Inspired by kantha

I’m going through a bit of an embroidery phase. First there was the Threads of Silk and Gold exhibition at the Ashmolean, then there was all the stunning embroidery I saw while in India (which I have yet to blog about).

But today I thought I’d show you what I’ve been working on since I got back from Gujarat, inspired by a piece I bought there.

Ironically, given that Gujarat is famous for its embroidery, my favourite of the many pieces I bought was not from Gujarat but from Bangladesh. Mr Wazir, whol ives in Bhuj, is famous for his collection of around 3,500 textile pieces, mostly from Gujarat but also elsewhere in India. He’s remarkably hospitable to visitors who just turn up on his doorstep without appointment (like us), offering tea, showing them pieces of his collection, and selling at reasonable prices.

All his collection consists of older pieces of work, as he says the quality of modern textiles is not as good. Fifty or even 20 years ago, women were expected to start sewing pieces for their dowry from quite a young age, and the standard had to be good to impress their future mother-in-law, or they wouldn’t get a husband!

Today, thankfully, women have more opportunities for other work and education, so most do not choose to focus on embroidery skills, and the quality of pieces that are made for the tourist market is not as high (though I have to say I was still impressed with most of them!).

We bought several pieces from Mr Wazir, of which my favourite is a kantha from Bangladesh. I fell in love with this at first sight. Compared with all the colourful designs, fancy stitches and shiny mirrors in the other work around it, this shone out as a beacon of simplicity.


It feels, dare I say it, almost Japanese – certainly the texture of the diamond shapes reminds me of the patterns achieved through stitched shibori.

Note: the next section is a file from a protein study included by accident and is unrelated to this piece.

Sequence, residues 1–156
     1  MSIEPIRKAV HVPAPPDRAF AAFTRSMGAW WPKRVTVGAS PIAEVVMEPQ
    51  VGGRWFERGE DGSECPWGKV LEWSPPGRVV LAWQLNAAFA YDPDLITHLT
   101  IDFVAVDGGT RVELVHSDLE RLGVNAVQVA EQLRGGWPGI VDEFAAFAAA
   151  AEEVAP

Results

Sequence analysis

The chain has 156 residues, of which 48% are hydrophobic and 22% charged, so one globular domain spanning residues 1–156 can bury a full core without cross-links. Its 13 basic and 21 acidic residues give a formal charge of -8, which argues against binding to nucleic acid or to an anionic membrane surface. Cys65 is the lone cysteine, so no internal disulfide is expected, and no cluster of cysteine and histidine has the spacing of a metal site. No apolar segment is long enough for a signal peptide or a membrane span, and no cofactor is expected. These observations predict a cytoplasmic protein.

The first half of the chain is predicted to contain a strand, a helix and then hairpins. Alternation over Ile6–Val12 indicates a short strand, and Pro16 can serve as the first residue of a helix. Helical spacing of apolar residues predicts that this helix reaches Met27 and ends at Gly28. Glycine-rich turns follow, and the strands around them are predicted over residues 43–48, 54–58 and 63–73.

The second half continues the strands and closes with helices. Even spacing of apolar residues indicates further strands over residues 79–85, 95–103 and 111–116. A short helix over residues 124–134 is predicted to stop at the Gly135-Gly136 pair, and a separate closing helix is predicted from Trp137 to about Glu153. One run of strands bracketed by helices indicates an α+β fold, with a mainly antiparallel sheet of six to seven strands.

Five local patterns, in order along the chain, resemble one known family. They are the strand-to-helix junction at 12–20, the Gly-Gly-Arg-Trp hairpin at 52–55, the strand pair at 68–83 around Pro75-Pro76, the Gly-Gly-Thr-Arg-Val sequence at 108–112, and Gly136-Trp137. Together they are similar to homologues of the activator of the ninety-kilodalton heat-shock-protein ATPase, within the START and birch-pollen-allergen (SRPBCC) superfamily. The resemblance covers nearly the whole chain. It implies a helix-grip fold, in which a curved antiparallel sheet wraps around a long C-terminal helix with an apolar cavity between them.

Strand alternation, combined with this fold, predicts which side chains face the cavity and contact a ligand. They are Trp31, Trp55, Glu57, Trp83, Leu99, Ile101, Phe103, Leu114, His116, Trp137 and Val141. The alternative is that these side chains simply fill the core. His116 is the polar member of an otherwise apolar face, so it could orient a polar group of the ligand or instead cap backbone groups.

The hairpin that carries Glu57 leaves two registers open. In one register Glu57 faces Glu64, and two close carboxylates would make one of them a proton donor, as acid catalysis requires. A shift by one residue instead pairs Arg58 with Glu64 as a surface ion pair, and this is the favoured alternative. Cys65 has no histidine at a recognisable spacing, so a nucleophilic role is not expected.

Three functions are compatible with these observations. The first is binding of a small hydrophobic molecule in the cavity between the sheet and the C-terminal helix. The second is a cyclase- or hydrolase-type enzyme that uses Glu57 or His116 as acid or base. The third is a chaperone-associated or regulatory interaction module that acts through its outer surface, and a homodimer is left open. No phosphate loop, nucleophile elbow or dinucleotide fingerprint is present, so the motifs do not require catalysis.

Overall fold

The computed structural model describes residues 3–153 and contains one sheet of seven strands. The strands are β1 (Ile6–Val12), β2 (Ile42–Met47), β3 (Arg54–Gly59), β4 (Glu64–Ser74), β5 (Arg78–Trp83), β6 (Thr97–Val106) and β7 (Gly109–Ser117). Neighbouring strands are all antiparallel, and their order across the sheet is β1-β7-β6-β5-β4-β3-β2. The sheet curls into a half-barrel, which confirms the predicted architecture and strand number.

kantha close up

Close up shot of shibori circle

In Bangladesh and West Bengal, women make kanthas from old saris and dhotis, by folding them to create several layers and stitching through all of them. Traditionally they also used thread unravelled from the sari border – so a great form of recycling.

I just couldn’t work out how they achieved the textured effect, but of course Debby, my tutor at Morley College and fount of all knowledge when it comes to constructed textiles, knew. It’s simply parallel rows of running stitch.

So I had a go at a sampler of different motifs and tensions.

kantha sampler

Looking at the circular motifs, I noticed that if I kept the tension of the stitches very tight, the white ridges between the stitches would protrude more and the circles started to form little domes.

This reminded me of my turtle project from many moons ago, and I wondered whether I could use this stitch not only to create pattern and texture but also to create a 3D form – just like a curved turtle shell.

sunburst turtle

And it does! As you can imagine, it’s a bit slow, but here’s the work in progress.

kantha turtlekantha turtle close up

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Flextiles uses shibori, ecoprinting and felting to create original, one-off upcycled pieces. Extending the life of a garment by an extra nine months reduces its environmental impact by 20-30%.

8 thoughts on “Inspired by kantha”

    1. Most other kantha pieces I saw were a bit different, with fascinating depictions of items from women’s everyday lives. But I do like the simplicity of this one.

  1. Your “turtleback” creation also looks like a species of coral … very inventive and cool. You certainly have a creative twist for the kantha – very cool.

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